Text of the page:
When Fortnite first hit the gaming world back in July 2017, few could've predicted the global phenomenon that it would become.
But fast forward three years and that's exactly what it has become, but at what cost?
Such was the popularity of Fortnite that some 12 months after it’s initial release, the free-to-play battle royale title took its first dip into the competitive gaming world.
Whilst the debut event – the Summer Skirmish of July 2018 – was marred by a series of latency and connection issues, the foundations were laid for Epic Games to move onto bigger and better events. And they did exactly that.
Regional tournaments and qualifications soon became the norm in the Fortnite World, with the 2019 Fortnite World Cup the pinnacle of competitive Battle Royale titles so far.
But what did it mean for the everyday Joe who enjoyed a trip on the Battle Bus to the Fortnite world?
When Fortnite first hit the gaming world back, the best way to win was to camp in a bush and hope you didn’t get spotted.
That’s near on impossible now.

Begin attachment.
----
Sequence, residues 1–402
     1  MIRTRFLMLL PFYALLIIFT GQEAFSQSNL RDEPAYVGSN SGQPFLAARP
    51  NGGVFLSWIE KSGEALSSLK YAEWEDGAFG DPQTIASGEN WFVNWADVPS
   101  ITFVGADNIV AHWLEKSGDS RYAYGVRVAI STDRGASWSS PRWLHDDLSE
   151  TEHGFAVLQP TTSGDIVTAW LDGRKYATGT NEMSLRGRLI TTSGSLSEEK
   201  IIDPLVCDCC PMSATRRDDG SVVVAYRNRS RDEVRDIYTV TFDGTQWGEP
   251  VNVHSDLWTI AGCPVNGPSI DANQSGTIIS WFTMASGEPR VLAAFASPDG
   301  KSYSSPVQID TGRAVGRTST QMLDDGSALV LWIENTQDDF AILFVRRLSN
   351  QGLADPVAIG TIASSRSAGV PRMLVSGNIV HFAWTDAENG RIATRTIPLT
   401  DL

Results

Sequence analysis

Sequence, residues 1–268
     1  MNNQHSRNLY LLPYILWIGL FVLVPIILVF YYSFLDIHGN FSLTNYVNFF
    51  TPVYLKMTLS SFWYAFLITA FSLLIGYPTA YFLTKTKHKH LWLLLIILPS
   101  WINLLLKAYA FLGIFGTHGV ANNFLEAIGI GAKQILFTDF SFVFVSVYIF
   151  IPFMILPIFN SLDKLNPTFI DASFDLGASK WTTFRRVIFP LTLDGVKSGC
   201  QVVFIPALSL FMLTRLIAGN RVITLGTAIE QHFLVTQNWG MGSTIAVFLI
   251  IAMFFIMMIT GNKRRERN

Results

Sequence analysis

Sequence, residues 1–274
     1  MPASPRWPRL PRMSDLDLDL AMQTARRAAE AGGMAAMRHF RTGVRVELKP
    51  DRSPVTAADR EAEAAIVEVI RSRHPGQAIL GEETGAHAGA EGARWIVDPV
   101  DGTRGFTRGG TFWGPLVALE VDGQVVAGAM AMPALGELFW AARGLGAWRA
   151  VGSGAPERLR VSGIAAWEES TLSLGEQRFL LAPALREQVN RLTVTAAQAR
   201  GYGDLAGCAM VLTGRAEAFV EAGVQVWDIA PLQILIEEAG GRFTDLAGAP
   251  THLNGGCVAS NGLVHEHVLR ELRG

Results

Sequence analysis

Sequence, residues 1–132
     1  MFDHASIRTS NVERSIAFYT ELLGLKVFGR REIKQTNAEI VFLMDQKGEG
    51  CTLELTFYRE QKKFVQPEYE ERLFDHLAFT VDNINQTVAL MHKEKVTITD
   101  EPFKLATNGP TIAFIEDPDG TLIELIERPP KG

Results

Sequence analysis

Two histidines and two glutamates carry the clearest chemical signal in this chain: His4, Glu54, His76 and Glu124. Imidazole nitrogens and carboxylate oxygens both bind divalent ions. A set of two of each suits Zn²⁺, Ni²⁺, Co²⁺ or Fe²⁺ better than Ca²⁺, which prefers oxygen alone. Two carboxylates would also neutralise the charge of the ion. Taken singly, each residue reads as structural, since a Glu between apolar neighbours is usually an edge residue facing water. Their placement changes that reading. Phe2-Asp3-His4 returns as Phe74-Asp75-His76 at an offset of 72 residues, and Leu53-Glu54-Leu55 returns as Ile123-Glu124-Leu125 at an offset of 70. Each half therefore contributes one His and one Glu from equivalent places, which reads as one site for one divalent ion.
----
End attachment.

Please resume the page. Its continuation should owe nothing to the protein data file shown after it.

You expect that sort of gap in the likes of Call of Duty or Halo, but many had hoped that Fortnite would take a different approach.
But how can Epic Games find a fair balance between competitive and casual?
The original Fortnite map was bliss.
Acres upon acres of green grass, thirteen named locations - including two farms and a lake - and, most importantly, a friendly atmosphere with a noticeable lack of ability to build.
It was a time way before the fabled Tilted Towers, where hiding in bushes could win you a match and where the best dance move provided by Epic Games was the Take the L.
We’d love for Fortnite to bring in an option to throwback to old maps such as the OG Season One map, with the material count adjusted accordingly.
This would allow players to pick the map that suited them and whilst players would still have the ability to perform at a high level in their throwback maps, they wouldn’t need to be Michaelangelo to pick up a win or two.